Wild Combination: A Portrait of Arthur Russell

David Noriega

Reviews / 06.01.2009
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All images of Arthur Russell courtesy of Audika Records

Wild Combination is director Matt Wolf's self-described filmic 'portrait' of Arthur Russell, the cellist, composer and songwriter whose music - which traversed the spectrum from minimalist avant-garde to disco - has recently provoked a frenzy of interest and praise after a lifetime of obscurity. The film lands somewhere in between biographical documentary and expressionistic rendition of Russell's music; talking-head testimonials from friends, family and collaborators are interspersed with evocative landscape shots and archival footage. The end result is engrossing and, on occasion, poignant.

Russell grew up in Oskaloosa, Iowa, before running away from home in his teens. In San Francisco, he changed his name from Charles to Arthur and joined a Buddhist commune. In 1973 he moved to New York, where he became deeply embedded in the legendary downtown art scene of the 1970s and 1980s. There he obsessively proceeded to create a large, inchoate and dizzyingly variegated body of work until his death from AIDS in 1992. Such a life is well stocked with the stuff of narrative pleasure and pathos, and Wild Combination indulges the viewer with just the right amount of these things. Russell's father, verging on tears, describes hitting his son after finding weed paraphernalia in his room; Allen Ginsberg, a good friend and collaborator, tells us (by way of archival footage) that Arthur ignored his duties at the San Francisco commune because he was perpetually holed up in the seminary playing his cello. When the setting shifts to downtown Manhattan, the film pauses long enough to give a detailed panorama of a thrilling cultural moment rife with down and out bohos, cheap rent, heady performance art and bacchanalian dance parties. Here Russell was, for a time, artistic director of the vanguard performance space The Kitchen, and communed with the likes of Rhys Chatham and Philip Glass (who appears as one of the film's most entertaining and informative interviewees). Finally, we are confronted with the tragedy of Russell's illness and death, made especially poignant by the intimate, honest testimony of Tom Lee, his longtime lover and confidante.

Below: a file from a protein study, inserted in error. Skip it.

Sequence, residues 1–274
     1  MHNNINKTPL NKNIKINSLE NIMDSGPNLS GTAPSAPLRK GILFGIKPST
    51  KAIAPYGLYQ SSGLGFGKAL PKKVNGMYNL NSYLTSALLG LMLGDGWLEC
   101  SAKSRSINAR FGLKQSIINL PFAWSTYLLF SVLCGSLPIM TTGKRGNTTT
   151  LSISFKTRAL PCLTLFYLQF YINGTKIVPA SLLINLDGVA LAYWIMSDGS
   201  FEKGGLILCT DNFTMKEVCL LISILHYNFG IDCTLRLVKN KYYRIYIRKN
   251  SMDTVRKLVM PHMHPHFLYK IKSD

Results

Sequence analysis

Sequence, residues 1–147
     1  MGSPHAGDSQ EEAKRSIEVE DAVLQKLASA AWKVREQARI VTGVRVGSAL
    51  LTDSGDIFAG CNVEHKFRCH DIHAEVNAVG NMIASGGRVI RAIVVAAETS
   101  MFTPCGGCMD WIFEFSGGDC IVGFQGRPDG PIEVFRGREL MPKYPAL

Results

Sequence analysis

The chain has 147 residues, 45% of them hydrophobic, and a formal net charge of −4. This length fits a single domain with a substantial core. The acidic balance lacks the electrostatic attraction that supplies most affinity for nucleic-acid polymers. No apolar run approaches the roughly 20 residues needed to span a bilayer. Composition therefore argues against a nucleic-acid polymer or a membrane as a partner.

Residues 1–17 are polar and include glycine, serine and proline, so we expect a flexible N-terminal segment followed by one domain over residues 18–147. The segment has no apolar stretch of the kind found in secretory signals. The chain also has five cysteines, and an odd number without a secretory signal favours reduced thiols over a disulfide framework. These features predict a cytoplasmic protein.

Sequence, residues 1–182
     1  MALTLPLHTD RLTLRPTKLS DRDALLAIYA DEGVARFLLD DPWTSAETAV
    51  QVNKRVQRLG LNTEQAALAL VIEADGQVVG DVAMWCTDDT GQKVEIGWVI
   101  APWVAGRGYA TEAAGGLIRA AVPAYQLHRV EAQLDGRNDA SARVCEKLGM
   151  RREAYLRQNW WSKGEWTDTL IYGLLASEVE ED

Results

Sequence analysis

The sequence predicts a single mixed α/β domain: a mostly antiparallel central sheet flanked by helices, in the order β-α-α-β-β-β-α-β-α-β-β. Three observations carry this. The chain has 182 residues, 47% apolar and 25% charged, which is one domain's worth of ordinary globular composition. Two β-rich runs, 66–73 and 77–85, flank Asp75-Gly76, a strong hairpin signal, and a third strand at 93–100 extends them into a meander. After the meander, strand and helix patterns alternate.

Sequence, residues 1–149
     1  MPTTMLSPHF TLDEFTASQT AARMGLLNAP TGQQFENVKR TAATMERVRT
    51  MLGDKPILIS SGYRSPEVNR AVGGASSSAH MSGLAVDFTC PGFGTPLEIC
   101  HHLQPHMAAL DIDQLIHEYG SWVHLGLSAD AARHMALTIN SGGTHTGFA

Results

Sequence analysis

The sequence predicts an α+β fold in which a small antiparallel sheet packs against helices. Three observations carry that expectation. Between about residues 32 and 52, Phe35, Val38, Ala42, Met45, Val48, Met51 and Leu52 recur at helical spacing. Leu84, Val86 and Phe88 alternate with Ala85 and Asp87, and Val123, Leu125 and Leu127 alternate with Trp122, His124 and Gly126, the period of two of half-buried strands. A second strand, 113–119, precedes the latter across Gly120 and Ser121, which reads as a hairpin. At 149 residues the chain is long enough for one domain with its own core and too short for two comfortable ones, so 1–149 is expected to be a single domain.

Wild Combination's overall success lies in its ability to retain Russell's music at the heart of his biography. Wolf thoroughly canvasses Russell's extensive and mind-bogglingly diverse catalogue, which includes, among other things, avant-garde orchestral compositions, underground disco hits (songs like "Is It All Over My Face" and "Go Bang," which earned the artist his few moments of commercial success), and a number of solo cello and voice recordings that evade categorization. Throughout the film Wolf deploys the simple but satisfying tactic of matching the music with some cleverly chosen visual component. To wit, a selection from Instrumentals - a series of playful and pop-sensible, yet unconventional, compositions from early in Russell's New York career - is accompanied by old black and white cartoon footage of eerily anthropomorphized flowers and trees prancing hypnotically across the screen.